At college I was very different from a lot of the other students, especially when it came to printing pictures. I'd experiment by spraying developer onto the paper, trying different techniques and finding my creative side. As a pro you can fall into the trap of just shooting what you need to shoot to pay the bills, and that can sap your creativity. Someone I knew at work said it was really important to do something you like and enjoy, so I thought about my private work, which is mostly black and white, and it went from there. The whole idea behind my personal projects is that they're an alternative view; these are images that give me the freedom to push my photography to the limits, and I'm now getting the chance to do that in my work, too. That's what's so good about Getty Images – they encourage you to try different things and be creative, which is great.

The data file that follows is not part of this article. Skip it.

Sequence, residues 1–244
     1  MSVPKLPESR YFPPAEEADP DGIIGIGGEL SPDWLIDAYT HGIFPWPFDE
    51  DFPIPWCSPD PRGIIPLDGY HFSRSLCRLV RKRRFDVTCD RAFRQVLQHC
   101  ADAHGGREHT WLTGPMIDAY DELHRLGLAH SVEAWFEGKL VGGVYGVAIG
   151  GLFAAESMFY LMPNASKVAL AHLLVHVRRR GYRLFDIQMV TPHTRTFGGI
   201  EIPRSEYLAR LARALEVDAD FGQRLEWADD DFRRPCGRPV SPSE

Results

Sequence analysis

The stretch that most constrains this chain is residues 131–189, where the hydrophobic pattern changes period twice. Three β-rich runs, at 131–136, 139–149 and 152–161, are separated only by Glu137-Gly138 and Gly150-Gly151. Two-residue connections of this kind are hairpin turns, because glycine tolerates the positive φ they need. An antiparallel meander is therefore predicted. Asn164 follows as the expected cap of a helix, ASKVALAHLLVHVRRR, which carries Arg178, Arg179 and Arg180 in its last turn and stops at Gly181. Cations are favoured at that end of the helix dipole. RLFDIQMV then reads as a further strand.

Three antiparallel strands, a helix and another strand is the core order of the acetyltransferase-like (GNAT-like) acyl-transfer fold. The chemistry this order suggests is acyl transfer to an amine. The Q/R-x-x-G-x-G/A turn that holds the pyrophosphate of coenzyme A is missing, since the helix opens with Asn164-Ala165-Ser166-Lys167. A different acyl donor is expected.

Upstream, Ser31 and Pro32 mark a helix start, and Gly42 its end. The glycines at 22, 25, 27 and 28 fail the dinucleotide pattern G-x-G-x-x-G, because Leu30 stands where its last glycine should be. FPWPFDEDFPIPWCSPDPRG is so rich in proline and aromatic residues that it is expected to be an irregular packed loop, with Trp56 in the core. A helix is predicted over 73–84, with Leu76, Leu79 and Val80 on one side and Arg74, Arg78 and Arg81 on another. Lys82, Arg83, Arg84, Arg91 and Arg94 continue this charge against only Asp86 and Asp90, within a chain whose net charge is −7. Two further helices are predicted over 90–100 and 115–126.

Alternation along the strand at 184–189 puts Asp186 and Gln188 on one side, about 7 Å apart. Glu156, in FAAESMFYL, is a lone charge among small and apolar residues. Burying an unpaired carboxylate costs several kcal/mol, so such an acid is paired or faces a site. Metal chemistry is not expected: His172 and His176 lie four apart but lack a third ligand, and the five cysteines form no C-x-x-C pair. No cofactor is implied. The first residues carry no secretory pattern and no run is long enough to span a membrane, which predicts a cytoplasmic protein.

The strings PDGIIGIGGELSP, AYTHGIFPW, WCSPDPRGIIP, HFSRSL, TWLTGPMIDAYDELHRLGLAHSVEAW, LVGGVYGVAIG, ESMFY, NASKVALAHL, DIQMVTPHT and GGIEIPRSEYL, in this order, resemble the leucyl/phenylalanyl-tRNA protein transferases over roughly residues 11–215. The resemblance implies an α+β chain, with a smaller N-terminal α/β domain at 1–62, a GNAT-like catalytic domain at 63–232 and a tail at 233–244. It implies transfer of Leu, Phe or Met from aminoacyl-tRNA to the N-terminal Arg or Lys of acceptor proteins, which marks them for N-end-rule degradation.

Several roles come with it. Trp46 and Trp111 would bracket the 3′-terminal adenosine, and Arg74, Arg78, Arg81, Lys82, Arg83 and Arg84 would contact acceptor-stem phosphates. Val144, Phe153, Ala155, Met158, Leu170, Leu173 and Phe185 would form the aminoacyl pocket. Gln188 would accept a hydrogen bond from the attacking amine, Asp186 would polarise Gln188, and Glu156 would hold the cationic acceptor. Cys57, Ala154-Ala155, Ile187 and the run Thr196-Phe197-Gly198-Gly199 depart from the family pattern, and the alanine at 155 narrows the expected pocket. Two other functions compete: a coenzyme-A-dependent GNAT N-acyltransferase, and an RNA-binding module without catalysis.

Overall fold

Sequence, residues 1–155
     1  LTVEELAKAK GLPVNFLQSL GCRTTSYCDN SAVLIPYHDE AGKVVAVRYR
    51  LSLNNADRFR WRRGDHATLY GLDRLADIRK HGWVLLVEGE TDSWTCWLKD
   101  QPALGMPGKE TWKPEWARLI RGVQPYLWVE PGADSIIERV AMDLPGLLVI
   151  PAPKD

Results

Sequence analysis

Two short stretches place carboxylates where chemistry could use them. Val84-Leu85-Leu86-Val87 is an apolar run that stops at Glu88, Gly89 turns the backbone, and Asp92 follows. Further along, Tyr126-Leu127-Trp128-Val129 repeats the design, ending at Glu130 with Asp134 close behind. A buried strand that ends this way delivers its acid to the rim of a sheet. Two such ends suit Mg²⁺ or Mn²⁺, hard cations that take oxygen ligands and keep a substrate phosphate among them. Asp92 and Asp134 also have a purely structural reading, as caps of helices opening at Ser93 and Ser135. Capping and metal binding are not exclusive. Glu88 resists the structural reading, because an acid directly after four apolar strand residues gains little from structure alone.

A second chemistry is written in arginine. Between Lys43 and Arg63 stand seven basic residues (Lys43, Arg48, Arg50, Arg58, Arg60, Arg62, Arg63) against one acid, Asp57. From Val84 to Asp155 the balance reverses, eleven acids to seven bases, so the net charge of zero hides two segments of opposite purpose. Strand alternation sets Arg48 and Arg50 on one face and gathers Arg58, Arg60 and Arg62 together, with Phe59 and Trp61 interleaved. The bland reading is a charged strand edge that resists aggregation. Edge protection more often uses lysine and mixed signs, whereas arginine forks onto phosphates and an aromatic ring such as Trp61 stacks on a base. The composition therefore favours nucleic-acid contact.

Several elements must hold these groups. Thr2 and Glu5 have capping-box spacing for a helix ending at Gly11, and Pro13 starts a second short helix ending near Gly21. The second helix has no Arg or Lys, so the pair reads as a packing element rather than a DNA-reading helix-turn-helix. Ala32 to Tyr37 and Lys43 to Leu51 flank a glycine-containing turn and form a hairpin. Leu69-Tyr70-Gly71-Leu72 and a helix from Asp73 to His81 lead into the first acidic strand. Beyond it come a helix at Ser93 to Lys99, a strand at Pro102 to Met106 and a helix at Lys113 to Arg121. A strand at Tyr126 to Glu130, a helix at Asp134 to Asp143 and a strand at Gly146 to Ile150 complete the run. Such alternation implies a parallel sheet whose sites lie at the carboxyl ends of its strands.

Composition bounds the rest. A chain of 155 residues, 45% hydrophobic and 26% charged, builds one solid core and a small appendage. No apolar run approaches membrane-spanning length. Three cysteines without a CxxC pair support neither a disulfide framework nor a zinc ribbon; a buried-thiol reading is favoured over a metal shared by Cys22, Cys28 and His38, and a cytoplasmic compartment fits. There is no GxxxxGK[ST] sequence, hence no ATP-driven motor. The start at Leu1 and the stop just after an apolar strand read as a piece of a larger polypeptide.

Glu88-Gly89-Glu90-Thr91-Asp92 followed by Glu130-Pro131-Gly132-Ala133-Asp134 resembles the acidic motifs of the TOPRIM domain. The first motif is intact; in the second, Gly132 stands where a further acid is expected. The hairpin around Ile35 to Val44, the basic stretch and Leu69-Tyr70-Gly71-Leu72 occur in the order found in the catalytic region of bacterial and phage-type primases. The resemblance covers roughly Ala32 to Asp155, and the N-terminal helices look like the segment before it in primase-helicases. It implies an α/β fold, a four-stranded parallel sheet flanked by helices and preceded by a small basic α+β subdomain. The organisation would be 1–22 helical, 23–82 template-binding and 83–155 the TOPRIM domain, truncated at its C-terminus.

I like everything I shoot, especially when it's black and white. The majority of the celebrity portraits I do are '30-second' shots, and often more like 10 seconds in reality, but I really love that challenge, of being given just a couple seconds to get something good. As well as the celebrity work I do a lot of sports photography for Getty Images, such as the Athens, Beijing and London Olympics, working for the sponsors' teams, and Ironman competitions – in fact, I'm currently in training for my first Ironman. I love shooting sporting events as I'm really into them; and if you enjoy the subject, it makes such a difference. With Ironman and similar sporting events the access is incredible, and the real difference is the people. You can ask Ironman competitors for a picture as they cross the finish line after nine hours' hard slog of swimming, biking and running, and they're happy to do it. You can't do that with celebs and footballers… Another of my passions is the tube – it's a great place for pictures. When I was a kid, I lived in Pinner in northwest London, so the Metropolitan line was my main transport into London. As I got older I used to hate driving in London, too, so I continued to get the Metropolitan in and out. I have this love affair with it; I can just sit there and let the pictures come to me.